The Associated Press reported that the indictment raised concerns about media freedom, as Assange's solicitation and publication of classified information is a routine job journalists perform. Steve Vladeck, a professor at the University of Texas School of Law, stated that what Assange is accused of doing is factually different from but legally similar to what professional journalists do. Suzanne Nossel of PEN America said it was immaterial if Assange was a journalist or publisher and pointed instead to First Amendment concerns. In a call with reporters, U.S. Attorney Terwilliger said that "Assange is charged for his alleged complicity in illegal acts to obtain or receive voluminous databases of classified information and for agreeing and attempting to obtain classified information through computer hacking. The United States has not charged Assange for passively obtaining or receiving classified information."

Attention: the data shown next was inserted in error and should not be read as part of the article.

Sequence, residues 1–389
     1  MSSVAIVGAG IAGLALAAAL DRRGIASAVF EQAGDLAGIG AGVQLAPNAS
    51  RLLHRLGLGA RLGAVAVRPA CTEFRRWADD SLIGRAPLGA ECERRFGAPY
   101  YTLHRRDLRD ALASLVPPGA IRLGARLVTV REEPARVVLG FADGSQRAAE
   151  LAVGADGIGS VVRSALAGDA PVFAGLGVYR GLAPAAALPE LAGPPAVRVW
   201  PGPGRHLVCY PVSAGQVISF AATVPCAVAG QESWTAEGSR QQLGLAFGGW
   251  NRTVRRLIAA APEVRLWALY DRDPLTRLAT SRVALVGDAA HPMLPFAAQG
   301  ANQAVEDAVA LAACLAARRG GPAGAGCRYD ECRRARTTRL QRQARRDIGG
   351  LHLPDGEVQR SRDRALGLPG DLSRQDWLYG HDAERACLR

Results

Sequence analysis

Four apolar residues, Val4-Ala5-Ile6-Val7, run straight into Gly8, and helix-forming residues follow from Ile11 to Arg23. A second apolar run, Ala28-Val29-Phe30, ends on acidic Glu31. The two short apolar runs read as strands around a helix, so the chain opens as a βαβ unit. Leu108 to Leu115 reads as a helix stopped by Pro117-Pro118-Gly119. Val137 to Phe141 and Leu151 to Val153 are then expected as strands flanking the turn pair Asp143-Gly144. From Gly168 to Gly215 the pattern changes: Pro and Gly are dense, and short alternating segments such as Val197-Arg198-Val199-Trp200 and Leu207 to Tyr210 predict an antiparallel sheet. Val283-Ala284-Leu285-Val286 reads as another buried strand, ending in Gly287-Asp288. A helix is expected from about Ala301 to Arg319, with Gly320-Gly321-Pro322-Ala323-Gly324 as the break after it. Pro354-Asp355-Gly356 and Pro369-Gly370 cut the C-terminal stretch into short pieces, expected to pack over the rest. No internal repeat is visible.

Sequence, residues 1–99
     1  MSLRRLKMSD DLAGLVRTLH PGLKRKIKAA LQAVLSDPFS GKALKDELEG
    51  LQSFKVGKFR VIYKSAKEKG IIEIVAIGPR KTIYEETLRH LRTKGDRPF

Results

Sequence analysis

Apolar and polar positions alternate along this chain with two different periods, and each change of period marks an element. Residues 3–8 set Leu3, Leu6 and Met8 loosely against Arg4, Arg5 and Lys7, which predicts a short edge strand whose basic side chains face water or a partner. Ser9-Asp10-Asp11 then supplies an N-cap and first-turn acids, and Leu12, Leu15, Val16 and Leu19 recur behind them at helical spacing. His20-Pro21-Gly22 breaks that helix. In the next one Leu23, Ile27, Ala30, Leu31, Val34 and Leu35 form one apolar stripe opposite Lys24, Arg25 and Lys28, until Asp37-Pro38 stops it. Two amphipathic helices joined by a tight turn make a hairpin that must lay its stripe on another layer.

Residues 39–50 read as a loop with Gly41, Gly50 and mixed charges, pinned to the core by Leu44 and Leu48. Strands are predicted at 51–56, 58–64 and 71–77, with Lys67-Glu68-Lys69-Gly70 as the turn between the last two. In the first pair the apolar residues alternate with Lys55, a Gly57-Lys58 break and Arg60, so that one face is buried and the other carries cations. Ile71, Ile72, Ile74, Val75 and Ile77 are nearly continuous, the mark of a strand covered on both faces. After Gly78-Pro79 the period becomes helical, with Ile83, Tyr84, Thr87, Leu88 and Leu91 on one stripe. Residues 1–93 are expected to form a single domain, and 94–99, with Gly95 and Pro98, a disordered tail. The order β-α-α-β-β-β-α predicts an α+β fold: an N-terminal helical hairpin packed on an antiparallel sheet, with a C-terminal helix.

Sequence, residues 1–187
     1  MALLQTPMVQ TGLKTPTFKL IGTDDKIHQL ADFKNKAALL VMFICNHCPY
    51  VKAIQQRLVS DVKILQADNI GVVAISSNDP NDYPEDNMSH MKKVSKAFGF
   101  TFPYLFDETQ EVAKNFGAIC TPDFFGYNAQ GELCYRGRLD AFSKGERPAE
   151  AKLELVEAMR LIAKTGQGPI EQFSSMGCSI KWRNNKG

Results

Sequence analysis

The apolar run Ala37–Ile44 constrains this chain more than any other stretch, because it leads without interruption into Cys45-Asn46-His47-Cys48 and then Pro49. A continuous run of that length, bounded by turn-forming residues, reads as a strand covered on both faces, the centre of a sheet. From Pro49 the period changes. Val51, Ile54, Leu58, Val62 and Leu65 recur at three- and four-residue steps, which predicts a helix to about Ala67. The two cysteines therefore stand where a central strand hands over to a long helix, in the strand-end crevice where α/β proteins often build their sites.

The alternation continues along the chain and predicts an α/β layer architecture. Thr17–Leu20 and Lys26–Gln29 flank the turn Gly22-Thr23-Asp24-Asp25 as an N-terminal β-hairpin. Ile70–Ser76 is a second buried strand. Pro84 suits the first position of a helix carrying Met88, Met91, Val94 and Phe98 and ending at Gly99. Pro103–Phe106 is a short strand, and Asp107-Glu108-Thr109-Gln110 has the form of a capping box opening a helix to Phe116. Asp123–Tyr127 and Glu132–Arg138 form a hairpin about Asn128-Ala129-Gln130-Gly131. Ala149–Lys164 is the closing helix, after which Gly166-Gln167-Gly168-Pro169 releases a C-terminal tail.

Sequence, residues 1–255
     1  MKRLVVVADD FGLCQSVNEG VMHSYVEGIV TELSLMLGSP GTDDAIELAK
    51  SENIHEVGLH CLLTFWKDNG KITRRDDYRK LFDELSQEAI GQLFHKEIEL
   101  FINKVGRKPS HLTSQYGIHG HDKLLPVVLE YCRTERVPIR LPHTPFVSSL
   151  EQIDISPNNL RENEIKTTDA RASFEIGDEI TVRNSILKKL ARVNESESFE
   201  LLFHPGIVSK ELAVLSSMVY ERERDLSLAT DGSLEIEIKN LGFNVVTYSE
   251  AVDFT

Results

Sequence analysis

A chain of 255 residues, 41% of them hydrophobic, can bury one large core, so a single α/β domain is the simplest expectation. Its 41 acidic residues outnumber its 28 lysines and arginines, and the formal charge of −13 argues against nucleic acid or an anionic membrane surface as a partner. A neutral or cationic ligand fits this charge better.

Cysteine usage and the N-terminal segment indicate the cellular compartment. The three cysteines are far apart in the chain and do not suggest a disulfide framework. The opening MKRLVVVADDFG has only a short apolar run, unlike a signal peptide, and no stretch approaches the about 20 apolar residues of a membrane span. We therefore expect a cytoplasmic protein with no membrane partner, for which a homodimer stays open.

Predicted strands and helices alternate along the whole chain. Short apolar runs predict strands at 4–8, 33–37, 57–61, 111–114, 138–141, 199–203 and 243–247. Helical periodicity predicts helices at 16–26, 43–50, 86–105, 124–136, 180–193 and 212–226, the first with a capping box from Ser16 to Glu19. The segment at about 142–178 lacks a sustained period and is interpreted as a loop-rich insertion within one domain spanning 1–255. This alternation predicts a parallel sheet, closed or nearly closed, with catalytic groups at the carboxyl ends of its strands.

While some American journalism institutions and politicians supported Assange's arrest and indictment, several non-government organisations for press freedom condemned it. Mark Warner, vice chairman of the United States Senate Select Committee on Intelligence, said that Assange was "a dedicated accomplice in efforts to undermine American security". After Assange's arrest and first indictment, the New York Times' Editorial Board wrote that "The case of Mr. Assange, who got his start as a computer hacker, illuminates the conflict of freedom and harm in the new technologies, and could help draw a sharp line between legitimate journalism and dangerous cybercrime." The Editorial Board also warned that "The administration has begun well by charging Mr. Assange with an indisputable crime. But there is always a risk with this administration — one that labels the free press as “the enemy of the people” — that the prosecution of Mr. Assange could become an assault on the First Amendment and whistle-blowers." The Washington Post's Editorial Board wrote that Assange was "not a free-press hero" or a journalist, and that he was "long overdue for personal accountability."